Research Goals

Cognition, a suite of neural processes including decision-making, learning, and memory, determines how individuals interact with their environment, and therefore impacts on a range of ecological and evolutionary processes. The major goal of my research is to understand how cognitive processes are shaped by natural selection. My research is focused on avian foraging and social behaviour, using experiments in the field and in aviaries, as well as comparative methods. I am also currently developing insect study systems (Gryllus spp.). I use an integrated approach, drawing from behavioural ecology, evolutionary ecology and experimental psychology.

Curriculum Vitae

1998-2001: B.Sc. Biologie, Université Laval, Canada
2001-2006: Ph.D. Biology, McGill University, Canada
2007-2009: Postdoc, Université du Québec à Montréal, Canada
2009-2012: Postdoc, EGI, University of Oxford, United Kingdom
2012-2017: Assistant Professor, Biology, University of Ottawa, Canada
2017-Now: Associate Professor, Biology, University of Ottawa, Canada


I gave an interview for a blog on Scientific American, by Dr Felicity Muth:

2 papers out in Animal Behaviour from MSc theses in the lab:

- ''Personality does not predict social dominance in wild groups of black-capped chickadees''
by Isabelle Devost, Teri Jones, Maxime Cauchoix, Chloé Montreuil-Spencer, Julie Morand-Ferron.

- ''Male experience buffers female laying date plasticity in a winter-breeding, food-storing passerine'', by Shannon Whelan, Dan Srickland, Julie Morand-Ferron, Ryan Norris. Read this paper on our new national bird species:

Out in Philosophical Transactions of the Royal Society B: 'Innovation in animals and humans: understanding the origins and development of novel and creative behaviour', edited by Simon Reader, Emma Flynn, Julie Morand-Ferron and Kevin Laland.

The first research article on the portable learning box is out! Read the article and watch short videos of birds using the box in the wild (Wytham woods, Oxford, UK):

Human Frontiers Grant (2015-2019): This is a new international collaboration on the evolution of learning in wild great tits, Moulis, France. Research topics include: links between personality, sociality, and cognition; measuring cognition in the wild; and fitness consequences of individual variation in learning rates.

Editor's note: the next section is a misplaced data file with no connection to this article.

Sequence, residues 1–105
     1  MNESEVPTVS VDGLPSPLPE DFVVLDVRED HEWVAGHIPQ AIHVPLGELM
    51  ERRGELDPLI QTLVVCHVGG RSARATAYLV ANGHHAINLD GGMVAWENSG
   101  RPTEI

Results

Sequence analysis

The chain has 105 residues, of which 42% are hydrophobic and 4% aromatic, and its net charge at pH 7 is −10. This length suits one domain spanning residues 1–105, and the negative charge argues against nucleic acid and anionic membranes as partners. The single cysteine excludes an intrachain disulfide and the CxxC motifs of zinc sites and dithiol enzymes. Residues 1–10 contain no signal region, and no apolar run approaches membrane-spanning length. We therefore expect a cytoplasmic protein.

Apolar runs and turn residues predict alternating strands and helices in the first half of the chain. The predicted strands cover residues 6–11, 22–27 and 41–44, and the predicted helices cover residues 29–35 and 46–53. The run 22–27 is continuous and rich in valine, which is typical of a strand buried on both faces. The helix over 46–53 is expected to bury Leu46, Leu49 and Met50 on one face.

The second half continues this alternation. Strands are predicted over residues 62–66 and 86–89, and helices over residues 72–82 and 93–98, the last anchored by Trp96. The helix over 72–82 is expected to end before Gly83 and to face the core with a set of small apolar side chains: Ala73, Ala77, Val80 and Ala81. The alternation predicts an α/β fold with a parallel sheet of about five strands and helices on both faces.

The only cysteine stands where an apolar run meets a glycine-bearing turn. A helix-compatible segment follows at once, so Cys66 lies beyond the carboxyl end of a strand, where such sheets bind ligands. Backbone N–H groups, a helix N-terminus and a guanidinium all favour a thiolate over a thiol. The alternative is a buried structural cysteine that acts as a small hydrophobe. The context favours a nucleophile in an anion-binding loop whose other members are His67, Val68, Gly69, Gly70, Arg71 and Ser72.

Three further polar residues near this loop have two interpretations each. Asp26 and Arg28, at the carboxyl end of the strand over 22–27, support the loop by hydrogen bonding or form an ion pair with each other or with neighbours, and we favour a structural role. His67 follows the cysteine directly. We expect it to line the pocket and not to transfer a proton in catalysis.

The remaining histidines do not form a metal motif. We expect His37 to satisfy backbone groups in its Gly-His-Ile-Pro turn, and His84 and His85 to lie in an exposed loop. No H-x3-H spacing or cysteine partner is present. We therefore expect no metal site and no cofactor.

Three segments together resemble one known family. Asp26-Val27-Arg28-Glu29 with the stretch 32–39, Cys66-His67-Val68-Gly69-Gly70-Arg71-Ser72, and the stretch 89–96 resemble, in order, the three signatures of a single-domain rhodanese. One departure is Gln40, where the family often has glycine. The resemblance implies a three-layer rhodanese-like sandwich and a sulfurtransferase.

Nature paper out: Aplin, Farine, Morand-Ferron, Thornton, Cockburn & Sheldon 2015:

Related interview at CBC's Quirks & Quarks:

Join the lab:

Applications for graduate positions and postdocs: please send a cover letter explaining why you would like to conduct research in my lab, along with your cv and an unofficial transcript. Applications for PhDs from applicants who have experienced scientific writing (either as first or co-author) are especially welcome: funding is available via my Early Career Research Award (funding dedicated to graduate students and postdoc salaries, as well as outreach, 2016-2021), Human Frontiers Science Program, and NSERC Discovery Grant. All graduate students at the Department receive an annual salary of 19500$, in addition to a tuition fee waiver for Canadian applicants with >80% in their last 2 academic years. I am particularly interested in recruiting graduate students for work on evolutionary ecology of cognition in wild-caught crickets (Gryllus spp.).

Please also feel free to contact me to apply for a graduate or postdoctoral position (funding also available) for collaborative projects with:
- Dr Alexis Chaine, CNRS France: fitness consequences of individual variation in learning ability in great tits
- Dr Sue Bertram, Carleton: sexual selection and cognitive abilities in crickets
- Dr Howard Rundle, Ottawa: learning in Drosophila

All Honours positions for next year (2017-2018) have now been filled.

Vous pouvez communiquer avec moi en anglais ou en français.